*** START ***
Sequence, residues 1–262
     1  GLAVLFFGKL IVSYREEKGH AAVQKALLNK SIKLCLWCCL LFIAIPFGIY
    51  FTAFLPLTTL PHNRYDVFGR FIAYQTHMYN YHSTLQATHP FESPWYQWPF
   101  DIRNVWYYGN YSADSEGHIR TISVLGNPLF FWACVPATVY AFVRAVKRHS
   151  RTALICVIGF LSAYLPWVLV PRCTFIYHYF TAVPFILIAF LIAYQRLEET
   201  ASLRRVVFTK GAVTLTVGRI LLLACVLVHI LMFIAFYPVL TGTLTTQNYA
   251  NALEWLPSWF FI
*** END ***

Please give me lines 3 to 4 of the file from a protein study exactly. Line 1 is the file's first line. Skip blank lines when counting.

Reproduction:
    51  FTAFLPLTTL PHNRYDVFGR FIAYQTHMYN YHSTLQATHP FESPWYQWPF
   101  DIRNVWYYGN YSADSEGHIR TISVLGNPLF FWACVPATVY AFVRAVKRHS